Freedom of speech and toleration of opposing opinion were generally insisted upon throughout March and the first two weeks of April, though infractions of the rule were occasional on the part of both parties in the respective localities where they were in large majorities.[78] In Wayne (County), a strong secession county, a speaker gave offense by his conservatism on the leading question, slavery. A committee of ardent secessionists waited upon him and threatened a coat of tar and feathers as an aid to a change of sentiment.[79] In Raleigh, on April 8, some young men wearing Confederate cockades in their hats raised a small Confederate flag on a pole in a vacant lot. The movement excited the ire of many of the bystanders, and called forth a threat to cut down the pole. Though the threat was not executed, one bellicose Union man blazed away at the flag with a rusty old fire-lock amid the applause of the crowd.[80] Raleigh, however, stood firmly Unionist,[81] despite the attitude of the governor and of his administration.

The Southern Rights party had lost no time in perfecting its organization along the lines laid down at Goldsboro, and was busily engaged in holding county meetings and in sending petitions to the governor for a call of the General Assembly in extra session. Public opinion was in a formative stage. Governor Ellis was not yet prepared, however, without further developments, to disregard the people’s decision, but for this he had not now long to wait. External events were hastening which would affect North Carolina and force her to a rapid decision.

[Sitterson describes the time after the adjournment of the Goldsboro Convention on March 23, 1861 in the following way, adding important details: “In the weeks following its organization, the newly organized Southern Rights party conducted an aggressive campaign in advocacy of the secession of North Carolina. Numerous meetings were held in (the predominantly) slaveholding counties of the East and in the southwest. Most of them elected delegates to a grand rally of the Southern Rights party which, upon the request of citizens of Craven County, was to be held in New Bern, April 25 and 26, and which promised to approach the Goldsboro meeting in size and enthusiasm. They also urged the Governor (John Ellis) to convene the legislature at an early date in order that a convention might be called. Meanwhile plans were being made for the Charlotte meeting, May 20th. At a Southern Rights meeting in Raleigh, April 3, Senators Clingman and Bragg and Representative L. O’B. Branch urged the secession of North Carolina. All three speakers pointed out that there were other causes for apprehension besides slavery. The Morrill Tariff, the Pacific Railroad Bill, and the Homestead Bill were pointed to as measures which were inimical to the interests of the South [Interestingly, here all of these ‘other interests’ impact heavily on the slave-based economy and its extension into the territories.]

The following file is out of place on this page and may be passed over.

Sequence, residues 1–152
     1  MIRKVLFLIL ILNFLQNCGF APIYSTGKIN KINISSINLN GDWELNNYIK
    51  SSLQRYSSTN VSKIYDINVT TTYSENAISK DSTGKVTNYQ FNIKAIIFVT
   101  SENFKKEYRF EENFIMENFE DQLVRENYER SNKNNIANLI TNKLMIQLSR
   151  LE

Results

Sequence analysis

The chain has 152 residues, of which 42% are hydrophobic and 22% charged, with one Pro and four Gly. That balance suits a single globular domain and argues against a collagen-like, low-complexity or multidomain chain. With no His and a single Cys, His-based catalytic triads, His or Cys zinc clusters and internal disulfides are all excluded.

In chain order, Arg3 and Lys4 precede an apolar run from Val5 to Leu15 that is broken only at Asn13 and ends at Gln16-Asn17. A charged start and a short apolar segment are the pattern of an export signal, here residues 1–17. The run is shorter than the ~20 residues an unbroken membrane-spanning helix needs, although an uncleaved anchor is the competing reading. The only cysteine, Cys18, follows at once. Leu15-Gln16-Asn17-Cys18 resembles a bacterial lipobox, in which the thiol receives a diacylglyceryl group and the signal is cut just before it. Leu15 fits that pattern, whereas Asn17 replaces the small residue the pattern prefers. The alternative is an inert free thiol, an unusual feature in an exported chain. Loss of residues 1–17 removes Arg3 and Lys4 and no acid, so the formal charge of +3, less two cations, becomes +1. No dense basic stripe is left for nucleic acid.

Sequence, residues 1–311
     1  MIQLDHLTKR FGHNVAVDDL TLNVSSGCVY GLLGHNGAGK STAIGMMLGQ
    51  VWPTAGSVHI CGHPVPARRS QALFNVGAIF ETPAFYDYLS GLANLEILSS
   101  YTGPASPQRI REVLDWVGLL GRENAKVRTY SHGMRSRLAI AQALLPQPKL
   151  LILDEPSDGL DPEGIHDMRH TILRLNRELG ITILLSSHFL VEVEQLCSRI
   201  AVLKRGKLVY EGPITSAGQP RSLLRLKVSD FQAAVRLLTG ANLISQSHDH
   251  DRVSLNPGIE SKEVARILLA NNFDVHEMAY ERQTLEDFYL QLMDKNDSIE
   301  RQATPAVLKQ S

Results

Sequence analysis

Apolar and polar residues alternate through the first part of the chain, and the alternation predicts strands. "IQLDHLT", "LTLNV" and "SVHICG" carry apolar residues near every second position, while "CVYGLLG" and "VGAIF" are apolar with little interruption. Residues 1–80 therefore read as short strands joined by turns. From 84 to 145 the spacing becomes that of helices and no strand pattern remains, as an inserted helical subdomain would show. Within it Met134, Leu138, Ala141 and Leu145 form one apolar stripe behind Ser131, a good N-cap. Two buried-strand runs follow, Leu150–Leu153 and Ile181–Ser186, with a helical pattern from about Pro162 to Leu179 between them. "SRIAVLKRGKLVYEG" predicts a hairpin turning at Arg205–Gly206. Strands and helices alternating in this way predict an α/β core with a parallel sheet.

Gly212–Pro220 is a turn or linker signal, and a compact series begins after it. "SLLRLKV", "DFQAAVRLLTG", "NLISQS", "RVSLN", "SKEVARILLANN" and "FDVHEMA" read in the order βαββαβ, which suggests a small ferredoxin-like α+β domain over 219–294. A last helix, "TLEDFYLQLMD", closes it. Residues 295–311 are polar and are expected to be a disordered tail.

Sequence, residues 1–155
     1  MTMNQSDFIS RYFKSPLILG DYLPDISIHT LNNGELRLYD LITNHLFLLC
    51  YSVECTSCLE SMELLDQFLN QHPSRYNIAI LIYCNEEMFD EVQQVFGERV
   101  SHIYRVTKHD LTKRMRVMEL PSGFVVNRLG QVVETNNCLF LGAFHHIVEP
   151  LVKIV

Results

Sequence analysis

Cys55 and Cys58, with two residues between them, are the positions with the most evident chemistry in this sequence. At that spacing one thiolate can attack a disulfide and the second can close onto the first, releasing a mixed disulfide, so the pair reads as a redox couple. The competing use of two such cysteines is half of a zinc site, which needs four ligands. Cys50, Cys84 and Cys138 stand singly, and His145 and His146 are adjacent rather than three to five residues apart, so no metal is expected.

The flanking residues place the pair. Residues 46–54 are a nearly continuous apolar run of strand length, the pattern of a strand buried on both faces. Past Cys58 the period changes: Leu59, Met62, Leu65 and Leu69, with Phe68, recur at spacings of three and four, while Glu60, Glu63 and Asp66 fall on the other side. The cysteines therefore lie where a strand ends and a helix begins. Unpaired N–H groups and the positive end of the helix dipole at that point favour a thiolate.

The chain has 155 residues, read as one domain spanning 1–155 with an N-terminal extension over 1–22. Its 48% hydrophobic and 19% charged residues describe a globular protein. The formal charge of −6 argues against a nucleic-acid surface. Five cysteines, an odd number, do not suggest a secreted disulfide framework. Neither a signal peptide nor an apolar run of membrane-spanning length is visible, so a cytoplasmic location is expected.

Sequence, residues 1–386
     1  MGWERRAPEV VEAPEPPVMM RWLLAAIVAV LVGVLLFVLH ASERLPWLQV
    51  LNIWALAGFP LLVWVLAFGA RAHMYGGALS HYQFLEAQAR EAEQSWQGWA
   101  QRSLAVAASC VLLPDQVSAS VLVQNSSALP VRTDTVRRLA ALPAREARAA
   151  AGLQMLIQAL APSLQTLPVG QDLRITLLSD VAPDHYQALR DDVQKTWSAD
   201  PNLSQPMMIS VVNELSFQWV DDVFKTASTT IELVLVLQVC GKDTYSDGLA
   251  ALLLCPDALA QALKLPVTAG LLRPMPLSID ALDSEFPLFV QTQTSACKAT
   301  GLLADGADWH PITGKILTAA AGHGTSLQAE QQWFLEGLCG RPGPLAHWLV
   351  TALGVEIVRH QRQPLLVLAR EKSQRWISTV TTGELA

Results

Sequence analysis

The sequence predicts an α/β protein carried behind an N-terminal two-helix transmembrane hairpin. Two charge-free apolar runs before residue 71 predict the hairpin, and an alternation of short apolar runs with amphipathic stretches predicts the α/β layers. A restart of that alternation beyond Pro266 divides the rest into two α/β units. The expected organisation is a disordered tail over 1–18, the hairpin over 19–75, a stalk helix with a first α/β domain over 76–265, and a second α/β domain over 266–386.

The radical press was aggressively advocating the separation of North Carolina. The people were asked to choose between the abolition North and people of the Southern Confederacy who were “waiting with open arms and willing hearts” to receive them. “Freemen of North Carolina,” exclaimed the NORTH CAROLINA WHIG, “awake! arise! And throw off the yoke of the oppressor [from the 9 April 1861 edition] THE CONCORD FLAG was sure tha, should a vote be taken now on the question of calling a convention, North Carolina would ‘dissolve all and every connection now and forever from the vile, rotten, infidelic, puritanic, negor-worshipping, negro-stealing, negro-equality and Yankee-Union.’ [as quoted in THE STATE JOURNAL, 3 April 1861]. THE WILMINGTON JOURNAL wrote that if Virginia was no longer ‘the Old Virginia of which her children had once so many reasons to be proud, let not North Carolina. . .be. . .her servile follower,’ but rather ‘assert her independence, take thelead’ and Virginia would soon follow’ [from the 4 April 1861 issue].

The Unionists attempted to stem the secession tide, but with little success. Lacking a definite program, forced to defend the Union on the basis of its past glories only, and unable to point to anything but an uncertain future for North Carolina in the Union, they were at a distinct disadvantage. Moreover, the uncertainty of Lincoln’s policy toward the forts in the South played into the hands of their opponents and made the task of the conservatives (Union supporters) doubly difficult.

In the first few days of April rumors were rife that Lincoln intended sending reinforcements to Fort Sumter. Lincoln’s announcement, April 8, that he was sending provisions to the grrison at Fort Sumter occasioned speculations on the part of the secessionists as to his intentions. THE WILMINGTON JOURNAL announced that Lincoln had changed his policy in regard to Fort Sumter as a result of pressure from his party in the North. THE STATE JOURNAL noted the rumor hat Lincoln was preparing for war on e seceded staes and declared that it had no doub but that ‘some unlooked for scheme is being worked out.’ (Sitterson, pages 237 – 239)]. On April 12, the attack, by Confederates, on Ft. Sumner started the war.